Green Lessons from My Mother
- Saturday, 05 June 2010
My childhood was probably pretty typical of a young girl growing up in the U.S. suburbs during the seventies: Mom stayed at home with us kids while Dad went to work. Mom was burdened with mundane housework and playing referee to frequent arguments between my older brother and me. She was a member of the PTA and signed on as Den Mother of the local Boy Scout troupe.
My mother was trained as an educator and that spilled over into her parenting. A wrong answer would receive only encouragement to make the right choice—which, in my opinion, only enforces the message that making smart choices for our planet will certainly pay off. It's never too late to start doing so.
But there is a difference that looms large between my mother and many others I knew, a difference I became of much later on in life. She was very ahead of her time in simple eco-conscious behaviors like recycling and reducing energy usage. Here are a few green lessons I learned from my mother, in particular order of substance.
Walk in Compassion
Compassion is defined as "deep awareness of the suffering of another coupled with the wish to relieve it." But it's more than just that. Compassion is an attitude, a philosophy, a way of life. Sustainability is rooted in the basic compassion of being kind to others; a gift that keeps giving.
I was taught to not hit, bite, and call others names. Sharing earned a gold star because, at some level, we all have more than we need. Good things should be shared with everyone, especially if these good things can change at least one person's life.
She pointed out all those valuable sand box lessons, though my "sandbox" was a tad different. I would play "funeral" with one of my dolls as the deceased. My toy cars were often in a lengthy funeral procession, driving to a burial ground in the sand box, where a tiny grave was waiting. The longer the procession, the more impressive for the rest of my dolls.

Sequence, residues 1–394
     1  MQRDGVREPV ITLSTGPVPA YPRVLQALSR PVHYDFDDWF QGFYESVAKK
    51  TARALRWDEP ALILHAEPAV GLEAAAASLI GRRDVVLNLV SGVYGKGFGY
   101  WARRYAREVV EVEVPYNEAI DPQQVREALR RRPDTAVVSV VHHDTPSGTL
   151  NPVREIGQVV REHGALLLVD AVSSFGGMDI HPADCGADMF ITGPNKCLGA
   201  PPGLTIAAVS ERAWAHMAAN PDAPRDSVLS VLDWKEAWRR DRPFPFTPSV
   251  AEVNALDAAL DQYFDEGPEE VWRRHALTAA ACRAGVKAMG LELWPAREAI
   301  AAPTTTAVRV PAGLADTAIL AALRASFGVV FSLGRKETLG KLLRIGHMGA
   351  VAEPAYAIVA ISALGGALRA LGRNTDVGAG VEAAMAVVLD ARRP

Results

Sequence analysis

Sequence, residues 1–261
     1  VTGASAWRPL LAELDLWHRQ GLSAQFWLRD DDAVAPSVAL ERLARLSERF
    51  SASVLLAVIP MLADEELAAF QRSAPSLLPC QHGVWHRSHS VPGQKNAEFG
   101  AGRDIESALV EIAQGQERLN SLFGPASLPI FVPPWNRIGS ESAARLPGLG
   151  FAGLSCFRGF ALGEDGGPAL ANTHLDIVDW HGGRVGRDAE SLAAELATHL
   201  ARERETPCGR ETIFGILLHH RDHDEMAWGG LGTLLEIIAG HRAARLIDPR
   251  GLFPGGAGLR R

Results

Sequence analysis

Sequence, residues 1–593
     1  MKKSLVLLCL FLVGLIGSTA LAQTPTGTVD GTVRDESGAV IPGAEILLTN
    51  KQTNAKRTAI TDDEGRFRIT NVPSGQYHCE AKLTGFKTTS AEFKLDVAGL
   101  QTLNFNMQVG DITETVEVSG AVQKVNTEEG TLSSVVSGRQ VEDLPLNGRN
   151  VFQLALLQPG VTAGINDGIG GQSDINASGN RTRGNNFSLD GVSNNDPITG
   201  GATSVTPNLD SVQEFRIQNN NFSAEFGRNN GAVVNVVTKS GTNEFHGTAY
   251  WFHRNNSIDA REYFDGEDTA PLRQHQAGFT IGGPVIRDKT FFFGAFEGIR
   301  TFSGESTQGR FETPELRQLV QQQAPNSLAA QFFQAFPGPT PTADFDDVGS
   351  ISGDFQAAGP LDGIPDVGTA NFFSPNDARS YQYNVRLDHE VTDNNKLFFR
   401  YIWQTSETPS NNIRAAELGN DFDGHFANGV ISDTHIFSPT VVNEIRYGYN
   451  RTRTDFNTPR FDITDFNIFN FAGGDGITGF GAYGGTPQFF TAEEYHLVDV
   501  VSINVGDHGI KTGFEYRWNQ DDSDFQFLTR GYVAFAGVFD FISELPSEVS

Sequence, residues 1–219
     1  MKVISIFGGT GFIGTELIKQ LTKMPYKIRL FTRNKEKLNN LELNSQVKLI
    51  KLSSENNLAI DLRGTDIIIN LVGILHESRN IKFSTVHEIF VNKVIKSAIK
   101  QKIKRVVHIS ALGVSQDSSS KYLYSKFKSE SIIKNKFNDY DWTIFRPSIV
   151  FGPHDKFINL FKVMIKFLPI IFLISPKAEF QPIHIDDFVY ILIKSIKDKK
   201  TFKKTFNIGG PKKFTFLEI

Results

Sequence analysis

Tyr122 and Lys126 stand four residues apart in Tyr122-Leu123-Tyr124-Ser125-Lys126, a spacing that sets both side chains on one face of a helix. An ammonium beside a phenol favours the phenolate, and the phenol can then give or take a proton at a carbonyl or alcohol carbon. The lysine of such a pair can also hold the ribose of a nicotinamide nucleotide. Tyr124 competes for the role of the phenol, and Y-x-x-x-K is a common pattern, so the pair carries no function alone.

Breathe in Nature
Children are born with a sense of wonder and an affinity for nature. Properly cultivated, these values can mature into ecological literacy, and eventually into sustainable patterns of living.
My mother was inspired by Anne Frank, and in turn passed that gift to me. This was a passage written by Anne in her diary: "The best remedy for those who are afraid, lonely or unhappy is to go outside, somewhere where they can be quiet, alone with the heavens, nature and God. Because only then does one feel that all is as it should be and that God wishes to see people happy, amidst the simple beauty of nature."
My mother created an expanded scope of concern for nature's creatures, too. Those innocent looking soft plastic holders for soft drink cans and other products can entangle birds, fish, and small animals; we would snip apart each ring before throwing it in the trash. We would not throw rice at weddings in order to protect birds that might pick up the grains and have their tummies explode.
Visualize the Future
She somehow knew we needed to cut the meat habit for a more sustainable outlook. And that worked out just fine since it was already a built-in eco-trait of being Catholic—Friday was pasta night. She was also a fan of adding artificial bacon-flavored bits to give pasta more zing.
We would turn off the faucets when brushing our teeth, rather than watching nearly 10 gallons of water just slide down the drain. Leave the car running while she waited for the kids to be dismissed from school? The rule was to leave it on if you'll be there less than a minute, otherwise it's more efficient to turn it off and restart it when you're ready to go.
Turn down the heat. Only wash full loads of laundry. Set the freezer temps exactly between 0 and 5 degrees. Always lather and rinse just once, and make sure it is Clairol's Herbal Essences.
And the most important way to visualize the future? Always say your prayers before you go to bed.